The most imaginative dessert in Los Angeles is so understated it blends into the table — and that’s the point. At Nightshade, Mei Lin’s new restaurant in Los Angeles’s restaurant-saturated Arts District, the dish is listed on the menu as “guava, cream cheese, white chocolate.” It arrives in a small, deep marble bowl, with a round, marble-colored lid nestled on top. The lid is made of white chocolate and charcoal, and cracking it with the tip of a spoon reveals a pink-orange aerated guava sorbet, its color delightfully bright in contrast to marble’s austerity.
This dessert, seemingly so serious and minimal, is actually super fun, a hidden present of rich cream cheese, tart guava, and broken white chocolate. For something so small, it evokes so many kinds of pleasure: an elegant object, a visual joke, a thing to break, a technically sophisticated surprise, a creamy and nostalgic treat. In other words, it’s genius.
A small but potent menu of desserts just like this one distinguishes Max Boonthanakit, the pastry chef at Nightshade, whose playfulness, curiosity, and skill have made him a talent to watch, and an Eater Young Gun for the class of 2019. Boonthanakit says his inspiration for the guava dessert came from his habit of imagining people or personas he could inhabit as he was cooking — he says when cooking family meal, for example, he’ll imagine he’s a “Thai grandma that got stuck in Alabama” and mash up Thai and Southern flavors. For the guava, he imagined a Los Angeles native who loved to Instagram her food, especially on photogenic surfaces like marble tables — someone like his girlfriend, who also worships the guava and cheese pastries at Porto’s, a legendary local Cuban bakery. But instead of putting the pastry on top of the marble table, he put the marble table on top of the pastry.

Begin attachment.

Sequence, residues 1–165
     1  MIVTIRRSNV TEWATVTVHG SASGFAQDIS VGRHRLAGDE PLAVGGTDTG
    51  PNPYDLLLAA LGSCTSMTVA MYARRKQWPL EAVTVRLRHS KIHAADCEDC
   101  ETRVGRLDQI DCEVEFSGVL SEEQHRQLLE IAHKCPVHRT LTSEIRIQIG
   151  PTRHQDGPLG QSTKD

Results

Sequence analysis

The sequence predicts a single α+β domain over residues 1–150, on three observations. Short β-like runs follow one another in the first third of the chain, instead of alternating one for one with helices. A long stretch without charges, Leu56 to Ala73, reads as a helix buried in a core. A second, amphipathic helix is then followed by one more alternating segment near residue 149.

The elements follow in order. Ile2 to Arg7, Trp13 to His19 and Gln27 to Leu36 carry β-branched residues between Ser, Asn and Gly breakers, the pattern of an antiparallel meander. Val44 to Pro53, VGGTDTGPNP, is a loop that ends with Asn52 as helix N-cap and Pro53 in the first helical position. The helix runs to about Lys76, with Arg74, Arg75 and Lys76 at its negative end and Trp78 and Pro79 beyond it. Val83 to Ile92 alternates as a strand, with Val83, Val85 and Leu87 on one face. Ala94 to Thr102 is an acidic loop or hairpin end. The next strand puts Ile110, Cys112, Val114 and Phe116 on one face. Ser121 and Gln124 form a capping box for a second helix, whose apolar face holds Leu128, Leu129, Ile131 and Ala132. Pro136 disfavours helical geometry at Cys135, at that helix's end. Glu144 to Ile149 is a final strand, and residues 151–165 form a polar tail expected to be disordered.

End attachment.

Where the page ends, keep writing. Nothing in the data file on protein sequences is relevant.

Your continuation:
Boonthanakit’s resume is a perfect mix of this high-low sensibility — he’s spent time in the kitchens of both Copenhagen’s Relae and a boba shop he really admired in Los Angeles. He jumped from savory to pastry during an externship at José Andrés’s Bazaar because he could not figure out how the pastry team did what they did, and the mystery intrigued him. “You have to really understand why certain things work,” he says. “Why did you put gelatin in this, or why do you put in dextrose instead of sugar? That’s like magic.”
The pastry world is much more open to manipulation and artifice than the savory side of restaurants, where the orthodoxy was that an ingredient should be showcased, rather than changed. Boonthanakit fell hard for liquid nitrogen and modernist technique — one dessert at Nightshade arrives in a custom-made coconut-shaped piece of pottery, the lime evoked by a mochi-like coconut mousse with a pineapple center, sprayed with passionfruit chocolate colored green. And his dessert of almond sorbet and tangerine ice is composed of three feather-thin, nested bowls of tangerine ice, created by freezing a ladle in liquid nitrogen and then dipping the bottom into tangerine juice.
Like head chef Mei Lin (and EYG ’14), Boonthanakit is dedicated to creating a menu built around his own memories, a nostalgia for flavors he encountered as a child of a Thai father and Taiwanese mother growing up in Atlanta. As a kid, he worked at his aunt’s restaurant from time to time, and many of his desserts start with a spark of family association, whether it’s his uncle’s affection for singing the phrase You put the lime in the coconut on family vacations or his love of both Creamsicles and bitter almond desserts as a kid.
And while his work is visually stunning, Boonthanakit says he avoids the culinary side of Instagram. On the pastry hashtags he follows, he’s watched too often as a new idea appears, and then is aggressively copied until the spirit of what made it so exciting is gone. Instead, he follows architecture and design hashtags — the tangerine dessert came from a photo of stacked bowls he wanted to re-create. “I think food is more fun when it doesn’t look like food, but I feel like when it looks too much like an actual real-life object it gets gimmicky,” he says. “I’ve come to the understanding food needs to have a sense of nostalgia no matter what you eat. There has to be some familiarity in order for it to be delicious.” His nested bowls of tangerine ice arrive looking expensive and precious, something to be displayed on a high shelf. But the dish’s pleasure comes in breaking the ephemeral bowls, crushing this beautiful object the way you would a Creamsicle on a hot summer day — because that’s what it tastes like, after all.
Meghan McCarron is Eater’s special correspondent.